What are plankton?
The word plankton is from the Greek word
for "wandering" (MARE: Marine Activities, Resources &
Education). They drift or wander the oceans at the mercy of the
currents. They are generally unable to move against currents. This
lack of mobility separates plankton from the nekton, which are organisms
that can propel themselves through the water (such as fish). Some
planktonic organisms can be quite large (like jellyfish); however,
most are smaller than nekton, and small enough that they have to
be viewed under a microscope. The plankton that photosynthesizes
are called phytoplankton and are made up of organisms called algae.
The plankton that eat other plankton are called zooplankton, and
are made up of tiny animals and single-celled protozoans. Organisms
that spend their whole lives drifting are called holoplankton; those
spending only part of their lives as plankton are called meroplankton
(MARE, 1995). Most meroplankton are the larvae of animals which
spend their adult lives on the bottom or free swimming (MARE, 1995).
Phytoplankton are a flora of freely floating,
often minute organisms that drift with water currents ("Phytoplankton",
415). Like land vegetation, they produce much of our oxygen, are
an important absorber of carbon dioxide (responsible for global
warming), and convert minerals to a form that animals can use ("Phytoplankton",
415). Phytoplankton is the primary food source, directly or indirectly,
of all sea organisms ("Plankton", 497). Diatoms and dinoflagellates
are among the most important members of the phytoplankton (MARE,
1995). Diatoms are housed in beautifully decorated glass skeletons
shaped like petri dishes (MARE, 1995). Some diatom species form
long chains, which help them float and avoid being eaten (MARE,
1995). Dinoflagellates share both animal and plant traits. Like
plants, most photosynthesize, but some eat other organisms. They
can also swim using tiny whip-like flagella. Some dinoflagellates
are bioluminescent and create light when disturbed by waves, boat
wakes or predators (MARE, 1995). Other dinofalgellates produce toxins,
which they release into the water. During blooms, they may become
so abundant that the water turns red (MARE, 1995). These "red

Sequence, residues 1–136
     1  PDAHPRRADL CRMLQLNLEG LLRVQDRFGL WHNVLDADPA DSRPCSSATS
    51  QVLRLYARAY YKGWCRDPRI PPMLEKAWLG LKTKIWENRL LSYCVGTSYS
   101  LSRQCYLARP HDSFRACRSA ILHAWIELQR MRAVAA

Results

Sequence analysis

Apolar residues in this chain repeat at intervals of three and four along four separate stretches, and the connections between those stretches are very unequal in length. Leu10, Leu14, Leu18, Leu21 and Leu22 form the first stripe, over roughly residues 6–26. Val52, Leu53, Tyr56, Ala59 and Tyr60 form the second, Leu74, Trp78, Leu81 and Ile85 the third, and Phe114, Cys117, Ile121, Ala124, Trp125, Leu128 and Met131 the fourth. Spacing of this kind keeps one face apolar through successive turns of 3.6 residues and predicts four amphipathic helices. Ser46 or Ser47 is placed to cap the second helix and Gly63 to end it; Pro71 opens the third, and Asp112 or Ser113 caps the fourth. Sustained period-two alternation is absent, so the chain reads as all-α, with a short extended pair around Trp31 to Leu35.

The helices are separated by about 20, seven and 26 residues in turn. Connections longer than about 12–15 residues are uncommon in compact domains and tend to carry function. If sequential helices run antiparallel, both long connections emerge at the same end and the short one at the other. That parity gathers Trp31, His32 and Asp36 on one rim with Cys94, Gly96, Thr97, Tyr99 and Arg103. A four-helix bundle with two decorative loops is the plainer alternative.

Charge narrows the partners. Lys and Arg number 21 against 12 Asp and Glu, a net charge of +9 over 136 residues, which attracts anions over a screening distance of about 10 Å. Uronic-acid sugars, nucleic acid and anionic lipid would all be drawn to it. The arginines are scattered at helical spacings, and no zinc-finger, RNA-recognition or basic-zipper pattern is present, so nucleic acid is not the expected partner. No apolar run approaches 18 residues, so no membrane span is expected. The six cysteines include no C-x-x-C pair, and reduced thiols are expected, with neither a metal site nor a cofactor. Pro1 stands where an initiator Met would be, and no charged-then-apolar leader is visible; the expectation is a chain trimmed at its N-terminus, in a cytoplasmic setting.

tides" can cause fish kills due to poisoning and oxygen depletion.
During some months, mussels and other filter-feeding shellfish are
unsafe to eat due to concentrated dinofalgellate toxins which cause
Paralytic Shellfish Poisoning (MARE, 1995).
Most major animal groups have representatives
in the zooplankton. Arthropods of the class Crustacea are the most
numerous zooplankton. Some, like the copepods spend their entire
lives as plankton (holoplankton) (MARE, 1995). Copepods graze on
phytoplankton, and, as the most numerous animals on earth, are critically
important to the ocean ecosystem (MARE, 1995). Some crustaceans,
like crab larva, are temporary members of the plankton community,
and settle to the bottom to live their adult lives. Shrimp-like
krill are among the most well known plankton because they are the
major food source for some of the great whales. Other common zooplankton
groups include the adults and larvae of the phyla Cnidaria (jellyfish),
Mollusca (snails, clams, etc.), Chaetognatha (arrow worms), Ctenophora
(comb jellies), and Chordata (e.g., fish larvae, sea squirts, salps)
(MARE, 1995). With nowhere to hide in the open sea, many plankton
species are transparent, and nearly invisible. In addition, many
have long spines to help repel predators and to help with flotation.
All plankton must avoid sinking. Phytoplankton
need sunlight for photosynthesis, so they must stay within the photic
zone, usually the top 100 meters (MARE, 1995). Zooplankton depend
on phytoplankton and other zooplankton for food, so they must avoid
sinking as well. Plankton avoid sinking by increasing their surface